The first Death Before Dishonour tournament went off better than I honestly expected, and I could not have been happier with the group of 44 people who joined me for 2 days of wargaming at the Element Games North West Gaming Centre.
Immediately after the tournament I sent out a feedback survey to the players and although results are wildly positive (they are still coming in and will be shared here in future blogs) it’s really highlighted something that had been bothering me during and after the event.
There are many different types of 40k player - and they don’t all want to go to the same tournament.
I’m going to start this series of blogs by choosing 4 of the players who I think are very different, and in future posts try to answer some questions about them.
The two easier questions are:
Why did this person come to the tournament?
Did this person get what they expected from it?
The two harder questions are:
What effect did this person have on the tournament as a whole?
Do I actually want this type of person to attend future events?
That sounds terrible, right? Let me be clear: all four of the people I will discuss seemed like great guys and at first glance there’s no reason in the world to try not to appeal to them.
But companies do this all the time - not because they don’t like people but because you cannot appeal to everyone all the time. If you do, you’re beige. You’re generic. Everyone thinks you’re OK but you don’t inspire passion or loyalty. People queue up overnight outside the Apple store because they are aspirational, design-focused and experience-centric. They identified their goal and executed on it.
Nobody queues up outside the Dell store. Nobody even knows when they release anything. They’re generic and beige.
That’s not what I want from Death Before Dishonour… if that’s all I am going to achieve then I just won’t bother. I spent £250 of my own money and literally days of my time making it happen. I will do it all over again but only if I believe I can make it a prestigious event which people will pull up trees to come to.
So I need to know my audience.
Let’s start by introducing the cast of characters.
Firstly there’s Markus, the competitor.
The real Markus won Best General at the tournament. Remember, this is not about the actual Markus as a person - I do not know any of these people IRL well enough to make sweeping judgements about them… this is about the stereotype of the Warhammer player who isn’t super bothered about the lore, or how his models are painted - he’s there to win, and often does. However his style of player - the WAAC (“Win At All Costs”) gamer - is not really seen as the ideal. In fact many people would prefer to never play one again.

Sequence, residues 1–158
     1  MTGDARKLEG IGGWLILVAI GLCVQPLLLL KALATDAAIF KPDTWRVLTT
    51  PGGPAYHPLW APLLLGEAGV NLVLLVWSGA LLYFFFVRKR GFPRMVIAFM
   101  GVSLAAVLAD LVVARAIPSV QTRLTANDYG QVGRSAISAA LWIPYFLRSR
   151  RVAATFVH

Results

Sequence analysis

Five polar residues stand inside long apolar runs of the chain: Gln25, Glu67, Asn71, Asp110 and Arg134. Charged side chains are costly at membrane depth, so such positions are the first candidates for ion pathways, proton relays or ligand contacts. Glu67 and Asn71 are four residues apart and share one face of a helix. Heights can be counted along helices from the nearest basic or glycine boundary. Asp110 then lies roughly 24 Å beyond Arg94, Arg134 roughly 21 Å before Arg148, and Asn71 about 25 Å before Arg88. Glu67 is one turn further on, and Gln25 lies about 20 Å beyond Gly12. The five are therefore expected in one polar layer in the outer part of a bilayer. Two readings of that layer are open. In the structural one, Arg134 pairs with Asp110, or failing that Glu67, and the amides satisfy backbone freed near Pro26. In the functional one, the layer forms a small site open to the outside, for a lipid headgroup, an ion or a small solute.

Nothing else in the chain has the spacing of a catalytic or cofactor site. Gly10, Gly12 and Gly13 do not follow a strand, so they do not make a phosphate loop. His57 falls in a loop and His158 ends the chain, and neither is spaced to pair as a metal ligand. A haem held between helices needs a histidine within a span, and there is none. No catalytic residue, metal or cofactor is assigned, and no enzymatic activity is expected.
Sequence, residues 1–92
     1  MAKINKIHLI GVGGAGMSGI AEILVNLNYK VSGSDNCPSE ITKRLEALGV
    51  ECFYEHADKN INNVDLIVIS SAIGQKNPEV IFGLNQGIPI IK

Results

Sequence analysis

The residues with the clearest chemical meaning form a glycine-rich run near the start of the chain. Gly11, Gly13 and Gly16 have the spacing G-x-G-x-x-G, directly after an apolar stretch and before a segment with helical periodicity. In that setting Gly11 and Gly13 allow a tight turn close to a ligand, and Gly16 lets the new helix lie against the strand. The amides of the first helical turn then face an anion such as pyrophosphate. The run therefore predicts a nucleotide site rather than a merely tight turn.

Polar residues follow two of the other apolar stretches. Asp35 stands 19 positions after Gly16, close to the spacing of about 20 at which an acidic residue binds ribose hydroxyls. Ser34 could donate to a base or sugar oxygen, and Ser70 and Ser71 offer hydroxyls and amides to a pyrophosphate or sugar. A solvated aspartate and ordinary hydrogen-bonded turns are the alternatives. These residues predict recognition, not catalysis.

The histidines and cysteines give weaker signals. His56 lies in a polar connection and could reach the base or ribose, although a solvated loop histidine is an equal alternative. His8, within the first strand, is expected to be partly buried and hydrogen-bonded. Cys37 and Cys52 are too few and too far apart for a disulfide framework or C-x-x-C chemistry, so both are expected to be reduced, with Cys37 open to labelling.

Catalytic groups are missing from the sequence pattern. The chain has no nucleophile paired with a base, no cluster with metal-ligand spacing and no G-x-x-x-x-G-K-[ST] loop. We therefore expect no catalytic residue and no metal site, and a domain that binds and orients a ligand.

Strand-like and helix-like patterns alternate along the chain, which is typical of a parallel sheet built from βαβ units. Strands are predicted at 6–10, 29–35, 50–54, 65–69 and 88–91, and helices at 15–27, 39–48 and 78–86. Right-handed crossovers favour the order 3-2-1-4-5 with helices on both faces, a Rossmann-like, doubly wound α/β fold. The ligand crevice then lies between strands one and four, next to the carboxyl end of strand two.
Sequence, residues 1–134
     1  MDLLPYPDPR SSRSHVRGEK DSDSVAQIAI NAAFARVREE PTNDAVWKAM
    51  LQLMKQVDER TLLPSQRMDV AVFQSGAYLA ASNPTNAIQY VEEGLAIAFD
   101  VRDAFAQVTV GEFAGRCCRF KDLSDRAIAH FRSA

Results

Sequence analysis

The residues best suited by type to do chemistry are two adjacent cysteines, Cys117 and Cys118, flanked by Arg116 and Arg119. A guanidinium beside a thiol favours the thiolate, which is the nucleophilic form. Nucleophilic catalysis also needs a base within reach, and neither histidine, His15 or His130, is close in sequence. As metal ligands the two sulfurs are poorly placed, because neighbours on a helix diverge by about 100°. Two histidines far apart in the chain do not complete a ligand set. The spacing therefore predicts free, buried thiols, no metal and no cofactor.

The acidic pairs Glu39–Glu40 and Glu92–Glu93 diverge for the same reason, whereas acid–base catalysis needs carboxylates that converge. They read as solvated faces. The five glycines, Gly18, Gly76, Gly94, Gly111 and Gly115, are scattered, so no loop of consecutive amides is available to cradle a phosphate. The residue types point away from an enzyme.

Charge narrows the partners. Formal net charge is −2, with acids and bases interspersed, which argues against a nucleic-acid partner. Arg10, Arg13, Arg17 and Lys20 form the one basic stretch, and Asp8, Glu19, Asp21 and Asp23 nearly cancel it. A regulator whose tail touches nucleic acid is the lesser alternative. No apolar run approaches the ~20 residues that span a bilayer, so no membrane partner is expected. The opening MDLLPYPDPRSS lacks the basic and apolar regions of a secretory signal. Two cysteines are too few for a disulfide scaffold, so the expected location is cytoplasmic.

edit: WHOA NELLY! Crossed a line here by mistake using the acronym “WAAC” as it has connotations of cheating/foul play. I’m 100% not saying the real Markus is like this. Read literally 2 lines above where I said “remember this is not about the actual Markus”!
I’m not editing what I wrote out as it would invalidate the comments and discussion but allegations of being WAAC is obviously something which raises the hackles of competitive players. Which I can understand. Tomorrow’s blog focuses on Markus-types and hopefully shows my respect for this kind of player
Then there’s Sam, the all-rounder.
The real Sam won Best Overall. He’s the kind of guy who is socially confident and likeable, plus seems to be able to get to the top tables even with an army that looks incredible. The more well known Sam-types are people like Tabletop Tactics’ Lawrence Baker. They are the kind of people you generally want to play with and engage with even while you are removing your own models from the battlefield by the handful. They’re generally cool, but there aren’t that many of them around.
The third type is Andy, the painter.
The real Andy came 2nd in Best Painted at DBD. I chose him over the winner because I spoke to the real Andy much more over the weekend. For the Andys, the actual game is of Warhammer is comparatively unimportant. It’s a fun thing you occasionally do with your mates to pass time but the real reward is at the end of a paint session where you look at what you did that evening and think “yeah that looks awesome”.
Finally, there’s Phil, the everyman
This is the one that seems harshest and least forgiving - the real Phil was a sound guy but he had a fairly weak army that he sort of knew how to use but wasn’t an expert at. He forgot rules, made mistakes and finished in the bottom half of the table. His army was painted to a reasonable tabletop standard but didn’t make anyone stop in their tracks. He was just a guy enjoying the chance to get away to a social event and play some plastic spaceman games with like-minded people.
At least half the people at the tournament were Phil. And I’m a Phil too.
In the next post we’re going to expand those definitions and start asking those questions again… who are we trying to attract? Can all these people coexist at one event? Do I even want them to?